• While not shown in the figures, it is also within the scope of the invention to provide multiple feed conduits 128. As a result, each of the multiple feed conduits 128 includes a separate passageway for cryogenic fluid to enter the tube 300.
  • In addition, the cryogenic probe 100 may be provided with a system for determining the surface temperature of the tube 300 and provide the user with that data. To this end, the outer surface of the tube 300 may be provided with a temperature measuring device, such as a thermocouple. Wiring on the outside of the tube 300 transmits signals generated by the thermocouple to a display associated with the cryogenic console 108 having a read-out visible to the user. By way of example, the thermocouple may be a type T calibration thermocouple which is suitable ranging between −250° C. and 350° C.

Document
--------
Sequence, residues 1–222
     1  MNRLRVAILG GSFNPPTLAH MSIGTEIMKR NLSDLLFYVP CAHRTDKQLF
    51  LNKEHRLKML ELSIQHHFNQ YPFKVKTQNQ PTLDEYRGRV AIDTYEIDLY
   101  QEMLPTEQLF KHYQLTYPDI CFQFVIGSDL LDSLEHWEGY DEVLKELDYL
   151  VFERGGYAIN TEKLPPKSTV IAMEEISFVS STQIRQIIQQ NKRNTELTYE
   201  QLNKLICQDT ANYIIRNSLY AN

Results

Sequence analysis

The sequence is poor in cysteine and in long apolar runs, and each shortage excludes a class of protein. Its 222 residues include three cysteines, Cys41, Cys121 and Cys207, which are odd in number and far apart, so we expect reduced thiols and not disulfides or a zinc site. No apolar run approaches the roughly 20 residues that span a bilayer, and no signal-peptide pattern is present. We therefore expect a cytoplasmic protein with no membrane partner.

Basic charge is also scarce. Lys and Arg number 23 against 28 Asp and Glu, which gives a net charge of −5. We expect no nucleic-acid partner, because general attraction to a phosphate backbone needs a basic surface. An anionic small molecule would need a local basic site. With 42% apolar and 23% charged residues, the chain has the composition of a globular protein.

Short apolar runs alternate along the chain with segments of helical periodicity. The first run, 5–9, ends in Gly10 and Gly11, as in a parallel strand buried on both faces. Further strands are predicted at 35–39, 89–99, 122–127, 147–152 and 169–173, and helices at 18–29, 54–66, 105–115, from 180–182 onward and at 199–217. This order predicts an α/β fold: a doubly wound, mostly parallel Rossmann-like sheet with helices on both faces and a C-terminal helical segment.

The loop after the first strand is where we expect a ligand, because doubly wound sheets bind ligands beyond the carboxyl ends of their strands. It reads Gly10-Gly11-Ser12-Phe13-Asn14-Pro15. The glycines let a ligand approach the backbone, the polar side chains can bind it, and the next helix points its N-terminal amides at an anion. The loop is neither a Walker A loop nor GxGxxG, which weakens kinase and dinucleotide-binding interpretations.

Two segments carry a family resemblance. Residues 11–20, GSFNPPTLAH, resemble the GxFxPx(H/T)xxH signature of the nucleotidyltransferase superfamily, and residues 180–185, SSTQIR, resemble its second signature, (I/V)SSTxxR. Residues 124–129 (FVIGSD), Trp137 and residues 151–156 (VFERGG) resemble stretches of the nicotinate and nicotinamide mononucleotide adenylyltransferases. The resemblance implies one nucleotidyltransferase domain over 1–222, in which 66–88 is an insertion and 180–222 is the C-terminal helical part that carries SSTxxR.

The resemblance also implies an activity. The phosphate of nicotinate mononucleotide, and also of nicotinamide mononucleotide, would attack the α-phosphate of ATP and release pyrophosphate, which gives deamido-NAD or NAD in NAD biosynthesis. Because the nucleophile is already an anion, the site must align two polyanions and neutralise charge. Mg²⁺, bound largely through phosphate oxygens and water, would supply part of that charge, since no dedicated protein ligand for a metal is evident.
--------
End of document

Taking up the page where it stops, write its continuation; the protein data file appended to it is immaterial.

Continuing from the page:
• Referring to FIG. 5, a second exemplary cryogenic probe 400 includes a wand 402 coupled to an umbilical tether 404 in order to supply cryogenic fluid from a fluid reservoir 106 to the wand. In this second exemplary embodiment, the flow of cryofluid to and from the cryogenic probe 400 is controlled from a separate, commercially available console 108 that regulates and controls the pressure of the cryofluid introduced into the cryogenic wand 402. The console 108 is capable of pressurizing the wand 402 for active defrost and provides for appropriate discharge of expanded cryofluid exhaust. Alternatively, or in addition, hand controls (not shown) may be associated with the cryogenic probe 400 to regulate and control the pressure of the cryofluid introduced into the cryogenic wand 402. In this second exemplary embodiment, the wand 402 includes a diversion section 410, a swivel section 412, and a tool attachment section 114. Because this second exemplary probe 400 makes use of the same cryogenic fluid reservoir 106, console 108, and tool attachment section 114, a detailed description of these components will not be duplicated for purposes of brevity.